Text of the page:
In non-crisis situations, the Government is not supposed to influence the work of individual Government agencies such as the Public Health Agency, especially in regard of individual citizens (Mens et al., 2021; Wenander, 2021). In theory, crisis management on the governmental level was supposed to be coordinated by the Prime Minister’s Office (or Ministry of Justice as delegated by the Prime Minister), calling meetings with the relevant ministries (e.g., health, education, justice) and then activating the crisis management group. Then, the different agencies/authorities were supposed to collect information and act. These agencies are not supposed to govern themselves, yet they have operative responsibility—and it is in this respect that they have autonomy (Wenander, 2021). Yet, during the pandemic, the crisis management function in the Ministries (and Prime Minister’s Office) again did not work (see Supplement 3, previous disasters). A large part of the responsibility was delegated to one agency (the Public Health Agency), and the government failed to seek information themselves (2021f, Jerneck, 2021; Nordberg and Mattsson, 2020; Kleja, 2020). In addition, the Public Health Agency has no responsibility for the range of issues (according to its directives—Myndighetsinstruktion), and therefore it seemed able to evade accountability.

During 2020, the Swedish Government, the Prime Minister and Minister of Health and Social Affairs, mainly referred to the authority of the Public Health Agency and the regions/municipalities. The Prime Minster rarely gave interviews and only few pre-recorded messages—and no crisis group was formed in the Parliament (Sörensen, 2020). Both the Prime Minister and Minister of Health and Social Affairs publicly declared they had no competence considering pandemics or medical issues. In effect the democratic institutions ceased to function (Sörensen, 2020). The Public Health Agency strived for and asked early for an overarching impact on the decision-making, which was granted by the government (Kleja, 2020). The Agency managed in this way to control the total decision-making of the government. Citizens and the public were never fully informed or included in the deeper reasoning behind their decisions (Kleja, 2020).

After the Parliament made temporary amendments to the Communicable Diseases Act (Smittskyddslagen) the Government and The Public Health Agency had the legal means to impose stronger measures, such as closing restaurants, shopping malls or airports (Supplement 4). In addition, measures and actions in schools, health- and elderly care, such as masking or testing, could have been recommended or mandated without any legal restrictions. There could also have been more measures to simplify and increase distance-work, limit the spread of infections by mandating (or at least recommending) face masks and implementing the legally required test-and-trace strategy (Supplement 5), provide care for the elderly (Supplement 6) or by allowing children and adults to protect themselves if they (or their family members) belonged to risk groups (instead of forcing them to attend school in person)(Supplement 7). The argument that stronger restrictions were not legal or State-organisationally impossible in Sweden is not valid for this (inter)national crisis situation (Wenander, 2021; Nordberg and Mattsson, 2020). Accountability for this apparent lack of crisis management remains unclear (Wenander, 2021, Nordberg and Mattsson, 2020).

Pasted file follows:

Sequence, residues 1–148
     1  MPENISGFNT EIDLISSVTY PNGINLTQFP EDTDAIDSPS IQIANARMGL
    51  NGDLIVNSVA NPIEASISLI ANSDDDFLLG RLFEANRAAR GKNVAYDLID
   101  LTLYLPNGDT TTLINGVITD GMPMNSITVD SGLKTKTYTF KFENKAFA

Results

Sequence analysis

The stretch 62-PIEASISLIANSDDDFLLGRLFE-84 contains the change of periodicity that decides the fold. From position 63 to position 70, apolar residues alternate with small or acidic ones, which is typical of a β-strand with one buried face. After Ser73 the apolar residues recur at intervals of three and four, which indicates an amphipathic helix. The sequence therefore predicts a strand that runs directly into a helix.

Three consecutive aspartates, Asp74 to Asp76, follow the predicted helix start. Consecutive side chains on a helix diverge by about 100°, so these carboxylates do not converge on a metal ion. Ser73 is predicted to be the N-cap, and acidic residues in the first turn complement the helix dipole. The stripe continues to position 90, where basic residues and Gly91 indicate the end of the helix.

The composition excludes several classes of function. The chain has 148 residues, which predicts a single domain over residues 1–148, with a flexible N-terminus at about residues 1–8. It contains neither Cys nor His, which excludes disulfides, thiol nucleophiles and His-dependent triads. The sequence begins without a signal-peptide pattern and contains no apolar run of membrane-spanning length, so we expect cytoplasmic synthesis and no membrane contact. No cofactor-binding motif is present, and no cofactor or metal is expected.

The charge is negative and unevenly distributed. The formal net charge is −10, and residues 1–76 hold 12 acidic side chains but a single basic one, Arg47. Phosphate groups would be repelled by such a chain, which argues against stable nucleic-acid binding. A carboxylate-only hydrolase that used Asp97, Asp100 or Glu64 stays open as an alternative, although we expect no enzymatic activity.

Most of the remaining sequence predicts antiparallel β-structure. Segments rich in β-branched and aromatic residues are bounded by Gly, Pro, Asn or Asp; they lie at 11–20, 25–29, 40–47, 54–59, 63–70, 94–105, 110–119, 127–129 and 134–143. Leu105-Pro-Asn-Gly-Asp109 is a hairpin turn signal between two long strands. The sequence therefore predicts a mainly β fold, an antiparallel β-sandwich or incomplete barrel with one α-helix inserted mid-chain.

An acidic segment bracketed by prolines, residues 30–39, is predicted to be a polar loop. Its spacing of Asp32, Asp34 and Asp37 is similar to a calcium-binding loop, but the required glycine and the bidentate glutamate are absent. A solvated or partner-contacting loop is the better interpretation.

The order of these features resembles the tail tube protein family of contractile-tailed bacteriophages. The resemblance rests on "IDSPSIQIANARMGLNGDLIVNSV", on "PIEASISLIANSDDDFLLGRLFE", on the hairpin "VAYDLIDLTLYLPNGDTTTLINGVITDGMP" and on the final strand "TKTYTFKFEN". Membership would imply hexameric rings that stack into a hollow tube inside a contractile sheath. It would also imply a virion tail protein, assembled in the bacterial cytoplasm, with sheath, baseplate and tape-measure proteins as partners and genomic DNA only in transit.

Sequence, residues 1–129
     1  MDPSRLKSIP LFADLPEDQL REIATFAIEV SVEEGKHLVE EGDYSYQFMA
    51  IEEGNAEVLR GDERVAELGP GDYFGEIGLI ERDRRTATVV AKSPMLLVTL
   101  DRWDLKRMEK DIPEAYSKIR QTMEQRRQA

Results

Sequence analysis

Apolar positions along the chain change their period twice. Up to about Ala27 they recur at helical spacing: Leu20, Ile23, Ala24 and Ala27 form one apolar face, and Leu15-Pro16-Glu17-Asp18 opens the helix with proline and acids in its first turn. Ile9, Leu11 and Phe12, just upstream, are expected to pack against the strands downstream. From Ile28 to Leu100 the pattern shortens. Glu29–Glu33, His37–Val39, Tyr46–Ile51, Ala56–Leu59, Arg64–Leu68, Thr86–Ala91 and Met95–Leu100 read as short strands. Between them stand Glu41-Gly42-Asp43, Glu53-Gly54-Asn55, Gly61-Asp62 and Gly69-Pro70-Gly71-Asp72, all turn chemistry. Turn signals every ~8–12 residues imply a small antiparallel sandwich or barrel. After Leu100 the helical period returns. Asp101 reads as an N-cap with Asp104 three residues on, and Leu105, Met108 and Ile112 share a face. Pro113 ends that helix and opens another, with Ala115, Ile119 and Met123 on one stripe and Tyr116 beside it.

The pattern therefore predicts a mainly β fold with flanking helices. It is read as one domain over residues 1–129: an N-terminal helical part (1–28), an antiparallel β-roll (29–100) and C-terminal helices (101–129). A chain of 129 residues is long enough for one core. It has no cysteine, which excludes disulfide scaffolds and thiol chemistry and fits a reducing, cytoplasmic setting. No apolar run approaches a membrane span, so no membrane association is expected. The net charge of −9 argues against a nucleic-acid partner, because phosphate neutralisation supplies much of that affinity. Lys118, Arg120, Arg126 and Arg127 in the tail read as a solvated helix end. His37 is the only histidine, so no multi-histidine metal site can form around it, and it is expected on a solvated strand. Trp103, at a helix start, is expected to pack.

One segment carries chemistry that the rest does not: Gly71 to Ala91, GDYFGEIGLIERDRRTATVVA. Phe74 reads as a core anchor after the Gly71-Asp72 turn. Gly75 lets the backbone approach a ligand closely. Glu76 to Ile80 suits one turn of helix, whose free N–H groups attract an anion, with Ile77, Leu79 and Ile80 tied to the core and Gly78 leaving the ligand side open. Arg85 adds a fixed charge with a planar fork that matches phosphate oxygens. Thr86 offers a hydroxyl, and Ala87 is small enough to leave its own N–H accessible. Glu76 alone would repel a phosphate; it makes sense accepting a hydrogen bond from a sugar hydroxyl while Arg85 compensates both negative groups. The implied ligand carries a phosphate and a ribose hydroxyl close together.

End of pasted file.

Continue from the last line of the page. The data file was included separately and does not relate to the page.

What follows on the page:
During the first year and a half of the pandemic, there was never any strong political opposition against the pandemic actions of the Government. Only the Swedish Democrats (populist nationalistic right-wing) were slightly critical of the Swedish strategy in late-Winter/Spring 2020 and raised some questions in the Parliament (Sörensen, 2020). Most other parties did not oppose or question the strategy, although there was some questioning around May 2020 when the deaths were accumulating, and Sweden was among the worst in Europe considering the daily mortality rate/million (in the global top 10 by April 30, 2020)—while the Swedish economy was also heavily impacted.(Sörensen, 2020; Johansson et al., 2021) This may have helped to finally implement increased testing in Sweden in June 2020 (Supplement 5).

The precise responsibility of the different Government agencies (including the National Board of Health and Welfare and the Swedish Civil Contingencies Agency) remained unclear for the public, since none stepped up to take responsibility. Both the Government and the Public Health Agency declined any responsibility for the situation in the elderly homes and referred to the responsibility of the municipalities (responsible for nursing homes) and regions (responsible for equipment, crisis preparedness, and healthcare—especially in elderly care) (Supplement 6) (Sörensen, 2020). The care homes and hospitals referred back to the Public Health Agency since that agency provided advice on personal protective equipment and routines to follow (including face masks) (Sörensen, 2020).

The Swedish pandemic response plans

There has only been one official crisis management plan released during the period of the pandemic, relating to the planned handling and actions—which we obtained through Freedom of Information laws (although some parts have been censored).(2020g, 2020h, 2020e). This plan was issued by the Ministry of Justice in June 2020, updated in September 2020, and focused on the impact of the pandemic on society (2020g, 2020h). The key points included: not to spread fear and panic, to prevent social unrest, and to limit the impact on the industry/economy/hospitality sector. This plan does not include anything about healthcare, healthcare capacity or infection control measures (2020g, 2020h).